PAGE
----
Transposons in Eukaryotes (Part A): Structures, Mechanisms and Applications


Transposable elements (TEs) are DNA (deoxyribonucleic acid) segments which can mobilise from their original location and (re)insert into new positions in the genome. TEs occur in almost all eukaryotic genomes. Half of the human genome consists of TEs and large plant genomes are composed of more than 80% TEs. Prevailing among these are the retrotransposons (class I elements) that propagate through an RNA (ribonucleic acid) intermediate. DNA transposons, or class II elements, move as DNA by a cut‐and‐paste mechanism. The vast majority of transposon insertions into genes result in gene damage. It is therefore of ‘mutual interest’ of host cells and transposons to limit transpositions to very low frequencies. Eukaryotes normally keep transposons under control by epigenetic inactivation via transcriptional and post‐transcriptional gene silencing. However, in rare cases, transposon insertions also lead to altered gene regulation or to the development of novel cellular functions, a process termed ‘domestication’ of transposons. In genetic research, TEs are used as versatile tools for insertion mutagenesis and gene isolation.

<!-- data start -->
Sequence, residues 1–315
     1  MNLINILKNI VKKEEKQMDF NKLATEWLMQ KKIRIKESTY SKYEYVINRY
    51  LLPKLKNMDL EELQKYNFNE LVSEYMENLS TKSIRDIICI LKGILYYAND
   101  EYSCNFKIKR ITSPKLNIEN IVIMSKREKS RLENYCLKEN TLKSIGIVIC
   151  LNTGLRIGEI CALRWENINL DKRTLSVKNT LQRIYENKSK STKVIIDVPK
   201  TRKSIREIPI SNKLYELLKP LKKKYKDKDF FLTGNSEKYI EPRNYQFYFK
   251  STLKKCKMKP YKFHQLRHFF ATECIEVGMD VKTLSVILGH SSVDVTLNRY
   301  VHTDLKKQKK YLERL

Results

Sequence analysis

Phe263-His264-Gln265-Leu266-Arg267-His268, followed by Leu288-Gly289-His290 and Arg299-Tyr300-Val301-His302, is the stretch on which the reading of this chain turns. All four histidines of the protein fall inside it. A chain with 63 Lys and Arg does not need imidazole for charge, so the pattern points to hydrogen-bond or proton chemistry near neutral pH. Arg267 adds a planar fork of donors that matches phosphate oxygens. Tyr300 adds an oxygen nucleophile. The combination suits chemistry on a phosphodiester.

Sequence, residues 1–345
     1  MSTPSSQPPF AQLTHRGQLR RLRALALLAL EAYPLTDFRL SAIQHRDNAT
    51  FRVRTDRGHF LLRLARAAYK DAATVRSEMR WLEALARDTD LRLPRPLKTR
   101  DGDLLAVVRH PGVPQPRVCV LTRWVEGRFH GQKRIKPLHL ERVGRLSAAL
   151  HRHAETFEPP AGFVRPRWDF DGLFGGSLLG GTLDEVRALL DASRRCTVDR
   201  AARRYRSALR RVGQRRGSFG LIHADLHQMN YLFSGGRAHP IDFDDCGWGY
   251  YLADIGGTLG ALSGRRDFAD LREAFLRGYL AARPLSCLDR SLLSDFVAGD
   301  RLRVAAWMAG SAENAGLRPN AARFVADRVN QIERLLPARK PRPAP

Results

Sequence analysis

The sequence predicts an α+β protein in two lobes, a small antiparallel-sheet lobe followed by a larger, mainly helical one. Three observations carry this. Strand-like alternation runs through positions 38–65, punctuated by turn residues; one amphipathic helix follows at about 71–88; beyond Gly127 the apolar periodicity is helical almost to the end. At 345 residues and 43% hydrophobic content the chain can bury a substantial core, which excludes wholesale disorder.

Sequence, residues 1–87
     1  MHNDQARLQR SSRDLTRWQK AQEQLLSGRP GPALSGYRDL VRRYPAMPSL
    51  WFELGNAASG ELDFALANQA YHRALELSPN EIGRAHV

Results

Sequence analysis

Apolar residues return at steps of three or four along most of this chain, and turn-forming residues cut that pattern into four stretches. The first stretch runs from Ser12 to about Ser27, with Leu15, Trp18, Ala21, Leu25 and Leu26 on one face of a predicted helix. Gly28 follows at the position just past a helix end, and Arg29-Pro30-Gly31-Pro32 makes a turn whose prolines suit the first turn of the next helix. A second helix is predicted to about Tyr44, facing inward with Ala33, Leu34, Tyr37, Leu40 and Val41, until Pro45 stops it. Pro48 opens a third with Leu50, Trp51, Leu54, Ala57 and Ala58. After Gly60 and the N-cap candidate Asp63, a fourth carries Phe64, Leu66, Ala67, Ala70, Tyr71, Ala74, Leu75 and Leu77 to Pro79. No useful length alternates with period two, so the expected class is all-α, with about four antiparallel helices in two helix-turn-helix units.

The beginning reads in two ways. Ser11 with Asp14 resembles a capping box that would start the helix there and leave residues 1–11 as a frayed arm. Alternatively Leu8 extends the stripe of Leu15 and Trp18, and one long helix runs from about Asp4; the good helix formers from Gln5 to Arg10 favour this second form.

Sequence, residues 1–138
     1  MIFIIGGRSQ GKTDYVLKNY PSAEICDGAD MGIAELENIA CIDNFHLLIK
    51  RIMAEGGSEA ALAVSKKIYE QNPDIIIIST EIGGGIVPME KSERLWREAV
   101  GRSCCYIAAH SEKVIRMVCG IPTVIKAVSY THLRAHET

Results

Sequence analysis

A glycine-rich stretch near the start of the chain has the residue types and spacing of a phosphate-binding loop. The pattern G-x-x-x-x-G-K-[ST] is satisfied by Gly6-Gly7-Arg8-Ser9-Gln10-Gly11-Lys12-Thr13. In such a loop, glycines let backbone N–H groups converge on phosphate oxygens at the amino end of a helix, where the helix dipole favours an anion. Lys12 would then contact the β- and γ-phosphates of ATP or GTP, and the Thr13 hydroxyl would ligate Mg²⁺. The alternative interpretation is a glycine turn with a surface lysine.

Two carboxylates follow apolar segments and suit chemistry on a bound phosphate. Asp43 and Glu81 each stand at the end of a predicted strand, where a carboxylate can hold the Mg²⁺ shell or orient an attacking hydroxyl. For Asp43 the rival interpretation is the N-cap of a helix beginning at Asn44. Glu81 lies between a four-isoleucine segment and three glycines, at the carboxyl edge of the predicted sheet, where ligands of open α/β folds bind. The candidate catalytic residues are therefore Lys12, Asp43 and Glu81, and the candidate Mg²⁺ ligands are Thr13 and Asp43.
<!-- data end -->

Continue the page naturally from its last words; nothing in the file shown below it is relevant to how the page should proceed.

Key Concepts

  • Transposons are evolutionary old components of almost all eukaryotic genomes.
  • Transposon contents in eukaryotic genomes vary from <1% to >85%.
  • By default, all transposons in a genome are epigenetically silenced by DNA (deoxyribonucleic acid) and histone modification.
  • Environmental stress (‘genome shock’) can lead to release of epigenetic silencing and reactivation of transposons.
  • Transposon insertions into genes are almost always deleterious, but in rare cases can result in novel gene regulation patterns.
  • Very rarely transposons were ‘domesticated’ to provide novel functions to the host.
  • Transposons can be applied as genetic tools for mutagenesis and gene isolation.

Keywords: retrotransposons; DNA transposons; DDE transposase family; genome evolution; gene silencing; transposon tagging; insertion mutagenesis